“The biggest change from the first half of my experience until now is the percentage of people who have so much debt that you worry they’ll never be able to practice successfully enough to get it paid,” he says. “You know the job market has not been great, and the person has $300,000 plus in debt, mostly in student loans, and you just have to be concerned that this person is a risk, but yet we do not have any standard – even though the notion has been floated, but I never floated it – that a certain level of debt would be disqualifying.”
Bradley said that to his knowledge, no jurisdiction currently employs such a standard.
Since the adoption of the character and fitness standards in 2006, the committee has worked hard to tie each of its decisions to a specific provision within the rules, Bradley says. Even before the standards were adopted, the committee always has articulated to the court the reasons behind its decisions.
Over the years, Bradley says, he has appreciated the input of the committee’s lay members – a second lay member was added about a year ago – who often challenge the thinking of the lawyers on the committee.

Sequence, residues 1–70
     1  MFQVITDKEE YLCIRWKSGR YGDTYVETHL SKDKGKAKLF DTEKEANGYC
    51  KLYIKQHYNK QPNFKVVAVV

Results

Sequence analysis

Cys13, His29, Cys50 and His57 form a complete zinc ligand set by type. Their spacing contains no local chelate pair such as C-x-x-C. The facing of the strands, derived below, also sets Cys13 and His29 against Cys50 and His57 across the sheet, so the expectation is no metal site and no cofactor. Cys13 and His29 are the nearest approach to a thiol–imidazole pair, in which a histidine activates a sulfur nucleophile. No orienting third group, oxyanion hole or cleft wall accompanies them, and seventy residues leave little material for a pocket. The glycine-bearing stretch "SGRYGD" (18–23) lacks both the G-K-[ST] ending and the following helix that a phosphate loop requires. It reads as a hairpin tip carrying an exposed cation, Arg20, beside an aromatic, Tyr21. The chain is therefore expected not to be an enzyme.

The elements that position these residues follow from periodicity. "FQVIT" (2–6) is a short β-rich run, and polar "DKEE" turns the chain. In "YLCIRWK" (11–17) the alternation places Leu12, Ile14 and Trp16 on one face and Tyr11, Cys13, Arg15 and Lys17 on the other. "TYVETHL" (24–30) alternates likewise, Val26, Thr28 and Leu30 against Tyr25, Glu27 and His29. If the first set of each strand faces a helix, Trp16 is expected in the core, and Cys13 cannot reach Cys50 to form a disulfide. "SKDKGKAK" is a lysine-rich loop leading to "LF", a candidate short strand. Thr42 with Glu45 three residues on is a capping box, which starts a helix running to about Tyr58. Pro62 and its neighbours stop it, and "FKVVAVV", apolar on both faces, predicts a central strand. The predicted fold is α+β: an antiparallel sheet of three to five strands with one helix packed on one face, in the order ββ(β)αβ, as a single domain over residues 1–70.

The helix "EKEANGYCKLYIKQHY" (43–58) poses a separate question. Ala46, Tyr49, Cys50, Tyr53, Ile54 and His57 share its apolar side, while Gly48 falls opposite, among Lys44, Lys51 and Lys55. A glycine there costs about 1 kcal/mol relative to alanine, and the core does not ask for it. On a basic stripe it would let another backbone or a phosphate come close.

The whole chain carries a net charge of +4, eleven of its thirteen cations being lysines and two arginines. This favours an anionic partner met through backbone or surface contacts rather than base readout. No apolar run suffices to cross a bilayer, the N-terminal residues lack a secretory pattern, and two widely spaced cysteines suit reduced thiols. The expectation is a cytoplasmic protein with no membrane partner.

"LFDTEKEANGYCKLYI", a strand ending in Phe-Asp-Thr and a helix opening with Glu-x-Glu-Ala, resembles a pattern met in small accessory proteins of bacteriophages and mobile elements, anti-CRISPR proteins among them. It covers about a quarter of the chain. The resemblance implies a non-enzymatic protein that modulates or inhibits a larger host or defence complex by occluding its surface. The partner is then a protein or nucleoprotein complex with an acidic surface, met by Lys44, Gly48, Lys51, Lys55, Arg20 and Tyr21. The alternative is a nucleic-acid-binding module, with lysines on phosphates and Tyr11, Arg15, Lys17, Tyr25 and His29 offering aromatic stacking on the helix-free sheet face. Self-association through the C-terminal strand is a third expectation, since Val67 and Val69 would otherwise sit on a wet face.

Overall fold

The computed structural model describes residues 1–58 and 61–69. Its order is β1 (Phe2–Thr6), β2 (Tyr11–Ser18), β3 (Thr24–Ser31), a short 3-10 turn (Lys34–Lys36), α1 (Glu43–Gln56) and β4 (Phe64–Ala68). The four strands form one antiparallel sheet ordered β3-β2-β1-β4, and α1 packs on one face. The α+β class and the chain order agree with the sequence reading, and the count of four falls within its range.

He recalled with fondness the perspective of the late Elizabeth Crory, who served on the committee for many years. “She said, ‘I’d like to ask members of the committee, how many of you would hire this person as your lawyer or for anyone in your family?’ And we all thought, being honest, none of us would... Well, we did [recommend the person for admission], but it was an important question to ask.”
What was the reasoning behind the committee’s decision in that case?
“The answer has to do with our standards. What we’re asked to do is decide whether the candidate has exhibited good moral character and fitness, and we’ve never extended that to whether we think the person is going to be a successful lawyer,” Bradley says. “The ability to practice law is tested by the bar exam. For right or wrong, that’s it, and if someone has passed the bar, they’ve demonstrated that ability.”